When a reporter makes an assertion about someone else's beliefs or motivations, he or she is supposed to offer something up as evidence, say a direct quote, something that person has written, or even something someone else close to him or her has said.
Politico's Josh Gerstein offered nothing of the sort in his coverage of Eric Holder's "you can't touch me" attitude, though he provides plenty of evidence to support my characterization of Holder's outlook. Gerstein, without a shred of support, wrote the following in describing what he believes Republicans and conservatives are trying to accomplish in pursuing the myriad scandals in the Obama administration which have burst forth during the past two weeks, along with others, including but not limited to Operation Fast and Furious, which occurred during the Obama administration's first term (bolds are mine throughout this post):
It has only been a week since the Associated Press learned that its reporters' privacy and the confidentiality of their relationships with sources were violated on a massive and unprecedented scale by Eric Holder's Justice Department in April and May of last year. DOJ has admitted that it secretly obtained the call records for 20 personal and business lines used by over 100 AP reporters and editors. Despite its insistence that they were looking for the person who leaked information about a foiled terrorist plot, there is reason to believe the DOJ's fishing expedition was a childish response to the wire service's refusal to let the government crow about the foiled operation before anyone reported on it.
In the wake of all of this, the AP, appears determined to soldier on as the wire service more appropriately described as the Administration's Press. That's about the only way one can view the Saturday afternoon dispatch from the AP's David Espo and its accompanying headline:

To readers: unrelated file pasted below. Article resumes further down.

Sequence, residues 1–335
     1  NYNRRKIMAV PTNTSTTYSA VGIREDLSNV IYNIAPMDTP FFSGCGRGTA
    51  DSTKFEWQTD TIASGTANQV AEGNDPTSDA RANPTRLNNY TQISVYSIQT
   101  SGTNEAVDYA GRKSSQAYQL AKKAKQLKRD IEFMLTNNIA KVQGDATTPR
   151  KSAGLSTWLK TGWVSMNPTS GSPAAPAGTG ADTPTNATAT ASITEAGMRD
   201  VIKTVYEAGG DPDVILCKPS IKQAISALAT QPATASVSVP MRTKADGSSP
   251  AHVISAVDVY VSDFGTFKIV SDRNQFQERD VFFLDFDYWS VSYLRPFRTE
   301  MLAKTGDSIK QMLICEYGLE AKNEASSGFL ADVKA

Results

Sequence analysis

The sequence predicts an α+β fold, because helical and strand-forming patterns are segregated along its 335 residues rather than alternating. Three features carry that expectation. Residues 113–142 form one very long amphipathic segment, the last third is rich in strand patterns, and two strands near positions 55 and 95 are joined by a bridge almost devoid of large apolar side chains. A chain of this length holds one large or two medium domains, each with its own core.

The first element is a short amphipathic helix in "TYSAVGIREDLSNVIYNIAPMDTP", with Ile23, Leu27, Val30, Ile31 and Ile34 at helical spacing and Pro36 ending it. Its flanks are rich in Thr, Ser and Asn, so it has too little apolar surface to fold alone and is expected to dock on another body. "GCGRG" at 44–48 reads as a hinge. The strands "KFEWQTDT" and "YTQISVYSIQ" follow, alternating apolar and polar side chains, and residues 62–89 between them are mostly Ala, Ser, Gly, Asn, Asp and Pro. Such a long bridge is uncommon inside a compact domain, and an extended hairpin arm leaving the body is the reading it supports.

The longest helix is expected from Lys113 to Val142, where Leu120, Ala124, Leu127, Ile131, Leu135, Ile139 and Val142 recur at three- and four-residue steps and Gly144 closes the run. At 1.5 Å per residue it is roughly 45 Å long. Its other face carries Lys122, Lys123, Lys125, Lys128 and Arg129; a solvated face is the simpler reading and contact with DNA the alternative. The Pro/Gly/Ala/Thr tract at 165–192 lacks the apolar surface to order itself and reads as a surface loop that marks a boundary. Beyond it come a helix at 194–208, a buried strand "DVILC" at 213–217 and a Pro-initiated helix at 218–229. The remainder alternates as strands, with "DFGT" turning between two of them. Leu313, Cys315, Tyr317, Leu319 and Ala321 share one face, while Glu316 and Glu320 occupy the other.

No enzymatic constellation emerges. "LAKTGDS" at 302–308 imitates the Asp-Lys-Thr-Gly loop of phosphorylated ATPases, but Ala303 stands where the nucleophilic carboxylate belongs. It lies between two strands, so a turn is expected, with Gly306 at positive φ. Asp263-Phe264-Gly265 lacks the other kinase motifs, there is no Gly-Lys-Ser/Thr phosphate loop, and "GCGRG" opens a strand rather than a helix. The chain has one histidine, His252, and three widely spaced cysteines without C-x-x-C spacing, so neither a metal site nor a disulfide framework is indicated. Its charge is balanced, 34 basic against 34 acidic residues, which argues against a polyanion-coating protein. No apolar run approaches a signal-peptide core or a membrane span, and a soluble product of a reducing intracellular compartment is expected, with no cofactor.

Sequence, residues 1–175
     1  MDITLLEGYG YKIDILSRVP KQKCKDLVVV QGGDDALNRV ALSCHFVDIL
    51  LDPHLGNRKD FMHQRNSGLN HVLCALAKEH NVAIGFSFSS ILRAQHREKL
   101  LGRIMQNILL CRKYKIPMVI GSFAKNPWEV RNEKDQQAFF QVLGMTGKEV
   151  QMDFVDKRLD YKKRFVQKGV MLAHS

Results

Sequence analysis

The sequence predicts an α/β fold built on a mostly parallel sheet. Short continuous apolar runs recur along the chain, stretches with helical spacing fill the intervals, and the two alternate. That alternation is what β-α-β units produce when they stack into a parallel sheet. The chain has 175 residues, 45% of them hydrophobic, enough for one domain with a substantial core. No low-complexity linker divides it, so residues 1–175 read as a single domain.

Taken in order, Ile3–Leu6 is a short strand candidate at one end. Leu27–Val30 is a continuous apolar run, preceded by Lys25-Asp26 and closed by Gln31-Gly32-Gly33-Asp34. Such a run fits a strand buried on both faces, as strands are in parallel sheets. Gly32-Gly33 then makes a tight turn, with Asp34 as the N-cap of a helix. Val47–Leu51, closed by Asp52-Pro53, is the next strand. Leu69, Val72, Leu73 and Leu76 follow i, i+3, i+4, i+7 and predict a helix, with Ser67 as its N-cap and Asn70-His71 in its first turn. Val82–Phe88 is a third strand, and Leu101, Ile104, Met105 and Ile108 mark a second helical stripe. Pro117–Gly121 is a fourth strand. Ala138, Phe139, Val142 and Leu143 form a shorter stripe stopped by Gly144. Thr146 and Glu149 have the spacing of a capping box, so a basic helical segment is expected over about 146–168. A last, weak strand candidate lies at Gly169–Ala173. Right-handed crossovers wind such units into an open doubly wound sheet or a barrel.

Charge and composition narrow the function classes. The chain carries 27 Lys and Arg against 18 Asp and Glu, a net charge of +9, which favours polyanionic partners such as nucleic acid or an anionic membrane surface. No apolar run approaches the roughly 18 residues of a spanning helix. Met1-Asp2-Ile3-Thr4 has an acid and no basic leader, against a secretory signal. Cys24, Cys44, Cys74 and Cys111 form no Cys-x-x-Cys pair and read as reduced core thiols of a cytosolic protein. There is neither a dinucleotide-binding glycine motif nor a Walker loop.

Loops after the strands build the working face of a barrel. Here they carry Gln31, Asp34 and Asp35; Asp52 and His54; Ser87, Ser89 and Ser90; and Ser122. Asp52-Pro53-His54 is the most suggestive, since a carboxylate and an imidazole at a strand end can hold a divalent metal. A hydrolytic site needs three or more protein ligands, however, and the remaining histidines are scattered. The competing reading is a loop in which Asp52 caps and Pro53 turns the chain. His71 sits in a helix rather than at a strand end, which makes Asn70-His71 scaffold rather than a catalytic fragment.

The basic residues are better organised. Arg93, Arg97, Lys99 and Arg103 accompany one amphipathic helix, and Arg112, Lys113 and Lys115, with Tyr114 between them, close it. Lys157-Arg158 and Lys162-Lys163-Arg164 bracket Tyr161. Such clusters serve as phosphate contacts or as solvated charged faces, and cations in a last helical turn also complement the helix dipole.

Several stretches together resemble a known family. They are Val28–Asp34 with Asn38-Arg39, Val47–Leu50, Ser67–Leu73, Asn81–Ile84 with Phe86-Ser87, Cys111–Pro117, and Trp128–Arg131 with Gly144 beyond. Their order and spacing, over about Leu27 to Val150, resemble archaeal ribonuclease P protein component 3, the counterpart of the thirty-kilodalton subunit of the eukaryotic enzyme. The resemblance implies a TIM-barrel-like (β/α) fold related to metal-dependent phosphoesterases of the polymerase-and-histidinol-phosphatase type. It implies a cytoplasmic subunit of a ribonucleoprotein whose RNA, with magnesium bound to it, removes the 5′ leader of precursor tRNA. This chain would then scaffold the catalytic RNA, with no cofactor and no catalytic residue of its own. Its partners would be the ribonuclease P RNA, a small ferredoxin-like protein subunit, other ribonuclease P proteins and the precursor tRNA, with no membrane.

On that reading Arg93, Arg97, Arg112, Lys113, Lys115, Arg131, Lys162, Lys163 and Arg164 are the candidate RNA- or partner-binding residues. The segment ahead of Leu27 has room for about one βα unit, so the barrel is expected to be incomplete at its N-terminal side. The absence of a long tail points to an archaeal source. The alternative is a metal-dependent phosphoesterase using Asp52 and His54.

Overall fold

When I first heard of limp faux apology by the IRS's Lois Lerner on Friday for her tax-exempt division's harassment of Tea Party and conservative organizations, I thought she had done so on a conference call.
Well, she did have a conference call with reporters later that day -- the one where she said “I’m not good at math” -- but her original apology occurred at a conference of the Exempt Organizations Committee of the Tax Section of the American Bar Association in Washington (Lerner's relevant involvement is shown here). Why would such a mea culpa occur out of the blue at such a venue? The answer, per Kevin Williamson at National Review's The Corner blog, is that it wasn't out of the blue at all (bolds are mine throughout this post):
In a disptach early this evening, the Associated Press's Pete Yost, perhaps signaling his employer's intent to remain the journalistic lapdog known as the Administration's Press, accepted at face value Attorney General Eric Holder's claim, while defending his department's actions, to have played no role in its wide-ranging subpoena of two months of AP phone records involving 20 cellular, personal and business lines used by over 100 wire service reporters and editors. Yost also did not address whether DOJ received judicial approval for its fishing expedition, a question the AP's Mark Sherman identified last night as unresolved.
It apparently hasn't occurred to Yost that if an Attorney General is aware that his underlings are about to engage in blatant, First Amendment-chilling prosecutorial overreach and intimidation -- a characterization the reporter himself made clear is shared by critics of all political stripes -- merely removing oneself from the case is a completely insufficient reaction. Instead, the AG is duty-bound to order it not to happen, and to remove anyone who chooses to defy his order. If the AG supports what his people have done, then he's responsible for the results and fallout. That's how being the boss is supposed to work. Excerpts from Yost's report follow the jump (bolds are mine):
While the Big Three (ABC, CBS and NBC) networks have all done stories on the Obama administration's seizure of Associated Press (AP) reporters phone records, what is striking is their reluctance to attach Barack Obama's name to the controversy. In seven total stories aired on their evening and morning shows, since the story broke on Monday afternoon, Obama's name was used only six times. Reporters were much more likely to use the generic term "government." For example, CBS's Bob Orr on Wednesday's This Morning described the controversy this way: "The government just simply came in, got the subpoenas, took the phone logs and then notified the AP after the fact."
The reluctance to put Obama's name in these stories is important because it allows the low-information voter to write off the scandal as one caused by faceless government bureaucrats.
"I've just been chuckling at" the media's response to Associated Press phone records probe by the Obama/Holder Justice Department, NewsBusters publisher Brent Bozell confessed to Fox Business Network host Stuart Varney this morning on the May 14 Varney & Co.